The material used for making the part shrink when it's molded. This process causes the part to shrink in size for up to 24 hours after the injection molding.The exact amount of shrinkage that should be used for a part design and construction is not always known by the vendor. Unfortunately, this information is not always available.In some cases, the material used may vary. It is important that the grade of the polymer be selected prior to the injection to ensure that the proper shrinkage is achieved.Material shrinkage can vary depending on the part's design and the mold's flow direction. For instance, a thick wall will shrink more than a thin one.The temperature and the cavity pressures are also affected by the material's shrinkage. As a result, cooler plastic injection machines will shrink while the hot melt temperatures will increase it.


Gating

Gate design and type can vary depending on the material selection, component design, and the dimensional requirements of the finished product.The gate should be designed to connect the part to the runner system. It should also be selected according to the part's geometry and the chosen polymer.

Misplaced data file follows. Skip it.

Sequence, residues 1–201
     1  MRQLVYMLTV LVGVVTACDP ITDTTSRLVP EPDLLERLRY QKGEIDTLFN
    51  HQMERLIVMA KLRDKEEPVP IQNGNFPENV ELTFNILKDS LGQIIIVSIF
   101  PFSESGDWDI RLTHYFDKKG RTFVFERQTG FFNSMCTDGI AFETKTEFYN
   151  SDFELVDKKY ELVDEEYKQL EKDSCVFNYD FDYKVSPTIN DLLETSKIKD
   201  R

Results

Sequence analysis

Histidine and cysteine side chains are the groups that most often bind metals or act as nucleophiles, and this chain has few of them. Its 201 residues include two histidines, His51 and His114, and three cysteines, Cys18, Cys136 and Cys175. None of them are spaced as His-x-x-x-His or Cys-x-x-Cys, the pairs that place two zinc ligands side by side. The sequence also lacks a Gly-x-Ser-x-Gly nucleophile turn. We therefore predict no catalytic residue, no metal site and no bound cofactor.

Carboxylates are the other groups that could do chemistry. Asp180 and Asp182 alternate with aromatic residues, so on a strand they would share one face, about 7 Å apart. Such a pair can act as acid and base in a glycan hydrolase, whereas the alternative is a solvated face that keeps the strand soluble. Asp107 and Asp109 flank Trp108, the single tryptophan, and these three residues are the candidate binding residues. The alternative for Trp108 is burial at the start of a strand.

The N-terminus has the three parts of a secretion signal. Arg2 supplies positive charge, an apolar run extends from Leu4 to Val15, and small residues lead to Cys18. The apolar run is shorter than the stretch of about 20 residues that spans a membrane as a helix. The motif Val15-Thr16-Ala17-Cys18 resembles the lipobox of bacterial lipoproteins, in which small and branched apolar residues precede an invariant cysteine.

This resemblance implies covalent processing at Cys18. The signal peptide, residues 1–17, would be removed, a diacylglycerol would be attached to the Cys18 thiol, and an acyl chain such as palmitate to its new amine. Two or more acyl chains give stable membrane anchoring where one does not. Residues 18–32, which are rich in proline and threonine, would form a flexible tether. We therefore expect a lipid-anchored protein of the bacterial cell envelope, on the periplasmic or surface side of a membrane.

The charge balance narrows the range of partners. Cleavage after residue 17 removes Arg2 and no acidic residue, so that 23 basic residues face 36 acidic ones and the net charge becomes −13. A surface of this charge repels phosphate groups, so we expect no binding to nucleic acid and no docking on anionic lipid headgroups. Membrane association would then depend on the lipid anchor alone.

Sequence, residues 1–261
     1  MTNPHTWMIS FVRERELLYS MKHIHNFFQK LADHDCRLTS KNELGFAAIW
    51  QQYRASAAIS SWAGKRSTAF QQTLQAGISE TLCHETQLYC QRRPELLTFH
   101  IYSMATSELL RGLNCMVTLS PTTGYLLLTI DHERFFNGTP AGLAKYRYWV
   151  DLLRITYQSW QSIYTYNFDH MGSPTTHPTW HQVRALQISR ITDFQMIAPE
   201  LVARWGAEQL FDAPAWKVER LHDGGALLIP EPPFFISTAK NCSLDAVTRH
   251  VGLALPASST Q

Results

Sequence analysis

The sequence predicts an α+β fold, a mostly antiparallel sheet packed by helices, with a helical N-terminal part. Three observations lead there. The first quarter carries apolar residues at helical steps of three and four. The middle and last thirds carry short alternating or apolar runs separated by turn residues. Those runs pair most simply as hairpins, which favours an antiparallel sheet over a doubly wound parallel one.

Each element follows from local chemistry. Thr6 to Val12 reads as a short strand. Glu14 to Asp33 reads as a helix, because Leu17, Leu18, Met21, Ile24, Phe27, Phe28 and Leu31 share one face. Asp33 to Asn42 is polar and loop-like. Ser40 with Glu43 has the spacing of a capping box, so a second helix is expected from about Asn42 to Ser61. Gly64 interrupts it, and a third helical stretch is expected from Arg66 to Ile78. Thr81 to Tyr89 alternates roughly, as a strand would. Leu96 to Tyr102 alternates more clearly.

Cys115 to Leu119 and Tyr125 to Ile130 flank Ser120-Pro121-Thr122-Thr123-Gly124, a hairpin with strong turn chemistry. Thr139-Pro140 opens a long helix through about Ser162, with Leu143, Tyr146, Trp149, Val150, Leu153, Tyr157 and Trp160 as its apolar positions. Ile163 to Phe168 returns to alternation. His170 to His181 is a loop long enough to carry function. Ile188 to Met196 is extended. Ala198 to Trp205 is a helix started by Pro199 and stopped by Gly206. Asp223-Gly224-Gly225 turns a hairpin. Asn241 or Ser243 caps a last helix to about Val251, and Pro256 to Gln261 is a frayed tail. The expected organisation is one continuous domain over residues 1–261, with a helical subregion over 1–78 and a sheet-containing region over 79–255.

● Gates should be located away from high stress or impact areas.

● Gate designs should eliminate secondary de-gating operations as possible.

● The gate should be located in area to best fill the part and typically placed in the thickest area

● In some cases, multiple gates will be necessary dependent upon part size, geometry and polymer selection.


Vents

Conducting proper venting is also important to prevent gases from escaping through the injection mold. Doing so can prevent the parts from getting damaged and causing issues such as short shots and sink marks.Aside from venting, there are also various ways to get rid of a mold. Some of these include using ejector pins, running rails, and vents.A vent should be placed in the part's geometry to allow the gases to escape as it's filled. It should also be placed in the same location when venting is required.


Knit/Weld Lines

Weld lines, also known as knit lines, are areas in a molded part where the two or more flow fronts meet. They should be designed to be placed away from high stress areas. Mold flow software can also help identify areas of the cavity where plastic filling can be made.The design of a part should also take into account the locations of its knit lines to avoid them from flowing in the opposite direction.This software can also simulate the filling of a cavity using a template. It can then identify areas of the molded part that could cause mechanical or cosmetic issues.